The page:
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A Carey mask (named after the inventor, George Carey) is a focusing aid for astronomical telescopes. The mask is in the form of a thin card or sheet that is placed over the front aperture of the telescope. There are four series of slits in the mask which form a diffraction pattern in the image plane.
In this example the two sets of slits on the left are angled at 12 degrees to each other. Those on the right are angled at 10 degrees to each other. Different telescope and imaging combinations may require slightly different angles.
The diffraction pattern caused by the left hand slits will be in the form of an 'X'. The right hand slits will also form an 'X' shape, but the lines forming the 'X' will cross at a narrower angle. When perfect focus is achieved the two 'X's will be superimposed and be perfectly symmetrical. Any slight error in focus will cause the 'X's to be offset, and this is very noticeable to the naked eye.
In the example images below, focus error is obvious in the first two images. The third image is very close to perfect focus as shown by the equal spacing between the elongated spikes on the left and the right.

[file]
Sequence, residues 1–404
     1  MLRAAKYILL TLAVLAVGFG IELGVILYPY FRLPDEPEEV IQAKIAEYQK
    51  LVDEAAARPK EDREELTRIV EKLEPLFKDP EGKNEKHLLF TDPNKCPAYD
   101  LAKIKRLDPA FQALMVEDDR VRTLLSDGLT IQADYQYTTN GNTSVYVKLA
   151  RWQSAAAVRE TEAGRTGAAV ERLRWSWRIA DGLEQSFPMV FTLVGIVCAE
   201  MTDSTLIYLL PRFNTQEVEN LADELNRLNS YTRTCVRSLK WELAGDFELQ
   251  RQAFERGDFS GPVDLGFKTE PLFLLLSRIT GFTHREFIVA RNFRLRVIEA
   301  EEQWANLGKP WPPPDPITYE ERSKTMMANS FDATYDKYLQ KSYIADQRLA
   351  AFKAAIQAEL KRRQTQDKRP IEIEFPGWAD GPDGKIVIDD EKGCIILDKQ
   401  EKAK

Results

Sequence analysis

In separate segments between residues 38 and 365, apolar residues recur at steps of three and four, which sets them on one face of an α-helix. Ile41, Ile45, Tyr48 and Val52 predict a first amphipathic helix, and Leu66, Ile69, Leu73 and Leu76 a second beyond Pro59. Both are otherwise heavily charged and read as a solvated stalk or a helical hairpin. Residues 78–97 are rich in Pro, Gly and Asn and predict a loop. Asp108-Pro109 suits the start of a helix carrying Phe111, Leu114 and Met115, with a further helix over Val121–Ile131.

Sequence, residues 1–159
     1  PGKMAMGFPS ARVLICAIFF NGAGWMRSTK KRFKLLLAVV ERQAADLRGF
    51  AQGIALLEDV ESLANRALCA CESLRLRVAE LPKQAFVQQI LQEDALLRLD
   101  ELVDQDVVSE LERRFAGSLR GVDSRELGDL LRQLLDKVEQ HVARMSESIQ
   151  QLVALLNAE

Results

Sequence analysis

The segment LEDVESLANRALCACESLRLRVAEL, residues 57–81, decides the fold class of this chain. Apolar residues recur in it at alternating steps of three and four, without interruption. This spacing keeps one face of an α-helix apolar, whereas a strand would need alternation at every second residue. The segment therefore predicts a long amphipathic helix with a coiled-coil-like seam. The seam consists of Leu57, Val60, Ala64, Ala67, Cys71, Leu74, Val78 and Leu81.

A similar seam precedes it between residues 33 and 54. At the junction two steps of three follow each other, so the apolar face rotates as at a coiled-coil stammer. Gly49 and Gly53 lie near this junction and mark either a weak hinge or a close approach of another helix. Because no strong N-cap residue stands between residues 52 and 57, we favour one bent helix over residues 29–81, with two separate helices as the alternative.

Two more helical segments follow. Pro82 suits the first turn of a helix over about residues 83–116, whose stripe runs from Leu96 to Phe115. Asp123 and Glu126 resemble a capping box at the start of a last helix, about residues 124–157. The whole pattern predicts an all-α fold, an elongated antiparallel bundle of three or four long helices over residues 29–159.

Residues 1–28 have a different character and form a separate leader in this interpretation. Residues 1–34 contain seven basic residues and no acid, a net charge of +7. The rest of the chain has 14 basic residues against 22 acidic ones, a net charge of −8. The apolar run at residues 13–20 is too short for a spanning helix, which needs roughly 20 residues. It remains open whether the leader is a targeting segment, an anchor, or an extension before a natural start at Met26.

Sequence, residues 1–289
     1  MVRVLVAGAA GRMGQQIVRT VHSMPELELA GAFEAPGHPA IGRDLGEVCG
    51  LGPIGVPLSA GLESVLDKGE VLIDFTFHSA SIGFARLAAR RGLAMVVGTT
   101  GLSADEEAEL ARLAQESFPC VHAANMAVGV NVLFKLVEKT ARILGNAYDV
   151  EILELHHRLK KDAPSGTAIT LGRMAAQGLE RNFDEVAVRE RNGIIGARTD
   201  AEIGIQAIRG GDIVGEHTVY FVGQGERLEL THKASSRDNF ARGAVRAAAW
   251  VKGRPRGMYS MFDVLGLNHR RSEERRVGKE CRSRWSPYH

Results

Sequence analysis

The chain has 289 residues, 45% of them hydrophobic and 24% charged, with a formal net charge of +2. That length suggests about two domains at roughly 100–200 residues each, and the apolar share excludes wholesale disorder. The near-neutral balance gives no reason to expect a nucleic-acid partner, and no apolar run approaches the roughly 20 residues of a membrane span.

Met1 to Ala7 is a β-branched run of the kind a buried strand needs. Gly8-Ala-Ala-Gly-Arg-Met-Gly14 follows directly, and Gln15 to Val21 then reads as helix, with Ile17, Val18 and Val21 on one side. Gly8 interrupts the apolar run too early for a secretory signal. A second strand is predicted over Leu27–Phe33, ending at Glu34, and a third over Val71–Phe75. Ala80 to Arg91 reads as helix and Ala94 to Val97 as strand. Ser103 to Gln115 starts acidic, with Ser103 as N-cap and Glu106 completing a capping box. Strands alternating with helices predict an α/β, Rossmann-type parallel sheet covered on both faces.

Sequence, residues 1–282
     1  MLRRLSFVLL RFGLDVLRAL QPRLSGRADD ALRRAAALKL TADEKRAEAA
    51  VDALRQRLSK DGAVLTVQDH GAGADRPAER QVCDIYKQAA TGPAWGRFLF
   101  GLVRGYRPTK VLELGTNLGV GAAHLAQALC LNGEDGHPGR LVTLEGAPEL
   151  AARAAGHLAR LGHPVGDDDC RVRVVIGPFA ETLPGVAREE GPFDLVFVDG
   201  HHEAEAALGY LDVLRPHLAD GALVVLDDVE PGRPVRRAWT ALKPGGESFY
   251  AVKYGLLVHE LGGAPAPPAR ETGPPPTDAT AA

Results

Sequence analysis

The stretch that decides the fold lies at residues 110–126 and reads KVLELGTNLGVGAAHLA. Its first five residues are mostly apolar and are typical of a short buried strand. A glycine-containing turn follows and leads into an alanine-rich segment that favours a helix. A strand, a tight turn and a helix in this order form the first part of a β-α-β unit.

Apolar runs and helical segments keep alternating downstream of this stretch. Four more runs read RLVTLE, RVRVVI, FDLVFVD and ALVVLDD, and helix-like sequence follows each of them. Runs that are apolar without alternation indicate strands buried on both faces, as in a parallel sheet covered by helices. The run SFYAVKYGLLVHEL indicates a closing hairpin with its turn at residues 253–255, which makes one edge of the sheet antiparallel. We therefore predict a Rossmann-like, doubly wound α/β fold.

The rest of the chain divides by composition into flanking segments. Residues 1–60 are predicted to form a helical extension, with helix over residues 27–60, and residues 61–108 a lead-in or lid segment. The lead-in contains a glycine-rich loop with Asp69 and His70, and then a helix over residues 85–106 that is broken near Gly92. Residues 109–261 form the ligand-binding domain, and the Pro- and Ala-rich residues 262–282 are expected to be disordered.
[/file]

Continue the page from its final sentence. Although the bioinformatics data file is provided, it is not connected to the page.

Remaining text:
A negative image can sometimes show the diffraction spikes more clearly.
The enlarged view below shows the left hand spikes to be slightly further apart than those on the right. This is an indication that the focus knob needs to be rotated slightly anti-clockwise. If the right hand spikes were further apart, a clockwise rotation would be needed. The mask should always be placed over the aperture with the same orientation. If the mask was rotated 180 degrees, then the focus knob directions would be reversed. The operator soon becomes familiar with the rotation directions needed for a given setup.
This indication of the direction of focus change needed removes much of the trial and error that can often be encountered when attempting astrophotography.
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